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Episode 5: Articulation - say what you mean and mean what you say

Updated: Jan 4, 2022


Happy New Year from Eggshells! We’re sailing into 2022 with a continued commitment to debunking disagreement myths and assuaging woes around arguments. This week, our Eggshells podcast episode discusses something many of you were very keen to hear about – how to articulate yourself when you're disagreeing.

Sometimes it’s hard to find the words in a disagreement, even if normally you’re good with them. Or maybe you find a lot of words, but in the moment they tumble out in a big confusing mess, while your Very Important Point ends up lost at sea somewhere.

That's what we're talking about in today’s episode: how to find the words in a difficult conversation and mostly, why finding them matters at all. Lizzie and Hannah have different relationships to articulation, and they explore how they can help each other out.

“No, but you can..."
That really brief sentence is an awfully quick amount of time to ask someone to change their mind about such a big decision.”

The quote above is from Alba Woolard, a communication trainer whose bio you can find on our People of Eggshells page. A key component of disagreeing effectively, Alba says, is space: giving the person whose mind you’re trying to change, space to recalibrate their opinion.

Giving my conversational disagreement partner space is something that doesn’t come naturally to me, and that I have to do very consciously. Let me give you an example. Say I am talking with a family member about abortion. Say they are articulating themselves on the topic for the first time in a while, and as they do so I can see flaws in their logic. Am I chomping at the bit to correct them? Yes. Is that useful? Alba would say no. She would say it’s vital that I engage the “Yes and” technique.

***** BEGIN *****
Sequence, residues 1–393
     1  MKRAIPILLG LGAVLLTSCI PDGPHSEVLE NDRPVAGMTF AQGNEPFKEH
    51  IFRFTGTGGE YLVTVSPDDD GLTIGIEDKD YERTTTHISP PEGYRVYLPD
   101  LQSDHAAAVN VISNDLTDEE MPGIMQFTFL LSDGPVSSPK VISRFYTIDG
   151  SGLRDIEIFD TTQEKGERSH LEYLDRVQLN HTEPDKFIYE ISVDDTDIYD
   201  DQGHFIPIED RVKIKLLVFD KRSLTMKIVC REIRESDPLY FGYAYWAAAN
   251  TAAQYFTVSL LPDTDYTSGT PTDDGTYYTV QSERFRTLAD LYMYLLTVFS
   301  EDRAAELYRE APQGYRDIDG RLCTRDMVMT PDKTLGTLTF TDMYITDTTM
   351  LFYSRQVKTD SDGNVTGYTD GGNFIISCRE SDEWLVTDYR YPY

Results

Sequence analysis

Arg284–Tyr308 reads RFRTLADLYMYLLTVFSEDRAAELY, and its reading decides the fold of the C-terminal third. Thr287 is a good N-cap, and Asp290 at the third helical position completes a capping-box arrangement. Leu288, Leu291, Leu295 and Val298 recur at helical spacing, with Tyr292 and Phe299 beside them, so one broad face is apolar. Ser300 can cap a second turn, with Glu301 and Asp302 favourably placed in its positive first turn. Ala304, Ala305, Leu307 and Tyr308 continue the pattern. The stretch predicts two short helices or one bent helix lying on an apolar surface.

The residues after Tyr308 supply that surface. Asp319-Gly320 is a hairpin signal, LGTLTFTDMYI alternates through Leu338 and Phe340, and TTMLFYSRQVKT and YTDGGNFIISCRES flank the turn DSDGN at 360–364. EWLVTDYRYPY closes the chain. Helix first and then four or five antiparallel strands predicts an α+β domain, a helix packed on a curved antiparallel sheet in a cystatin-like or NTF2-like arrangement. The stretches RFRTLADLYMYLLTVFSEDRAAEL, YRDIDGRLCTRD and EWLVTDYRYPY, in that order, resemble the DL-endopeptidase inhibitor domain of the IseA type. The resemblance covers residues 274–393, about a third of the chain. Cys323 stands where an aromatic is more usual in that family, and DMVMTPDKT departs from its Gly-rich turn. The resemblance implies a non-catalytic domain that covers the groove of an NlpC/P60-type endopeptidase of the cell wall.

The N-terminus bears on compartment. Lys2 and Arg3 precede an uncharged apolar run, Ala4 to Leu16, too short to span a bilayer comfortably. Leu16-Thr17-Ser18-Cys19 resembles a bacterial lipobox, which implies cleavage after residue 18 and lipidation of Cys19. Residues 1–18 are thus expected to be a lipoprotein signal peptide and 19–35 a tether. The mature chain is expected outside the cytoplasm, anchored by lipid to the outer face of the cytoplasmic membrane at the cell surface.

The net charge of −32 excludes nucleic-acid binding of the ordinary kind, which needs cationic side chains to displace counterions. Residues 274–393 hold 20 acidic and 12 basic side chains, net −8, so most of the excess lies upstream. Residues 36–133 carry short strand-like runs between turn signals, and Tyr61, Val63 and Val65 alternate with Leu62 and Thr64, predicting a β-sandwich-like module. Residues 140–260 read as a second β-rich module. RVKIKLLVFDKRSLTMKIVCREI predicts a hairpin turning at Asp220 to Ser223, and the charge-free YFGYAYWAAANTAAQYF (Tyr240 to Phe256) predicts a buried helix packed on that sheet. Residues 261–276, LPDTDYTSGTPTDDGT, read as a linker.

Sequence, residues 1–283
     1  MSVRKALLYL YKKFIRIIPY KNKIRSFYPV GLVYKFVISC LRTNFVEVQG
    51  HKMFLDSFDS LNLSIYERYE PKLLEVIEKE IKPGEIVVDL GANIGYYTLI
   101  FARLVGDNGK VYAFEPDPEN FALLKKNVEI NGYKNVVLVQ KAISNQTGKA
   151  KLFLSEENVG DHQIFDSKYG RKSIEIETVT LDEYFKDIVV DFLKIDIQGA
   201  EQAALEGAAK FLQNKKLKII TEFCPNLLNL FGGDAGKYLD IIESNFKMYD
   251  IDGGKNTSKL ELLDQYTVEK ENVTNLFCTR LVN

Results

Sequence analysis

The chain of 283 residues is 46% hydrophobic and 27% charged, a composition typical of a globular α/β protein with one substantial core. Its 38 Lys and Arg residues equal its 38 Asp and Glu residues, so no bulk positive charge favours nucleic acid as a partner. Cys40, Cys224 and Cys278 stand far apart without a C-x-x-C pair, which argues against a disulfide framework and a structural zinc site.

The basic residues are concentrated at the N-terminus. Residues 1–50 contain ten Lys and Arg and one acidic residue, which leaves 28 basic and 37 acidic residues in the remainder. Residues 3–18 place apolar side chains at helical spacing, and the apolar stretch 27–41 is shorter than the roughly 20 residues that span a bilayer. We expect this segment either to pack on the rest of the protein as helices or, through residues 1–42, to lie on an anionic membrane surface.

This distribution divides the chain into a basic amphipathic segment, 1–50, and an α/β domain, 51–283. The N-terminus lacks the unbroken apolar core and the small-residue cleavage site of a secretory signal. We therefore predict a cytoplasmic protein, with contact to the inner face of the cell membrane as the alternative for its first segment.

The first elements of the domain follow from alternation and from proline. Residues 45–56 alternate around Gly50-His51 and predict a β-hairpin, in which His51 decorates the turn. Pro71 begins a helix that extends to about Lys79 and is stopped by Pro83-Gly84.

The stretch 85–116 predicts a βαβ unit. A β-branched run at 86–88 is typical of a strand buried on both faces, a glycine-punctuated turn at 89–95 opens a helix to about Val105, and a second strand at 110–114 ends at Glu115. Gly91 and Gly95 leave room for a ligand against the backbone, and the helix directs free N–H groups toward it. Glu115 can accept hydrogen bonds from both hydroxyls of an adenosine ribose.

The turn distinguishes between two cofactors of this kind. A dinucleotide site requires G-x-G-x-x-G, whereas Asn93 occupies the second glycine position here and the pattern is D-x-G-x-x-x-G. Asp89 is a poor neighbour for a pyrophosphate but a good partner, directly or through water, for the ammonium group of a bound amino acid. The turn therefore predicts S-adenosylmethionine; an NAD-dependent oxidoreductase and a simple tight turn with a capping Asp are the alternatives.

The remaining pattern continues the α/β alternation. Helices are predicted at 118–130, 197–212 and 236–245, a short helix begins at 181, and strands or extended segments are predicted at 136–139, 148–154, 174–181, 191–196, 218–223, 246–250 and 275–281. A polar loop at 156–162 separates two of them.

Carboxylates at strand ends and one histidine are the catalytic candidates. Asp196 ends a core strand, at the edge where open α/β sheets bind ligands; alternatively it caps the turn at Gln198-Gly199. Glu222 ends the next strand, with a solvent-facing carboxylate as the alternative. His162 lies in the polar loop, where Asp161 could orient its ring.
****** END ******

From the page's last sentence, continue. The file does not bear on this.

"Yes and" is what it says on the tin.

"Yes" means that when someone speaks, you acknowledge what they have said: “Yes, that is a view I have heard expressed” or, “Yes I can understand what you’re saying” – or even, “Yes, now before I respond let me check I’ve heard you correctly – you believe…” Crucially, it doesn't have to mean you agree with them.

“And” then allows you to respond with your thoughts, while incorporating their point of view. To stick with the topic of abortion, which I referenced above: "Yes, so you believe xxx, which I have heard expressed before, and what’s interesting is that there’s evidence that xxx is actually true for some people who’ve actually had abortions.”

In the case of disagreements, "and" is often a thinly disguised "but". BUT (or, AND) the important thing is that you're responding directly to what your conversation partner has expressed, rather than just with what you want to say. This means they feel heard, and your considered response gives them space to consider a change of mind.

Listen to the episode on our Podcast page to understand more about "Yes and" as well as other techniques that are useful for having difficult conversations.

NB in 2022, we'll be releasing episodes fortnightly. See you in two weeks!


Meet Alba Woolard

For this episode we spoke with Alba Woolard, a wonderful human being teaching difficult conversations in medical settings. Alba deals with the hardest conversations there are - notably, organ donation discussions with next of kin after an unexpected death. She told us about how she and her colleagues use repetition and reflection to ensure the person they're speaking with feels heard, citing that unless someone feels they are being understood, the conversation has the potential to turn fiery.

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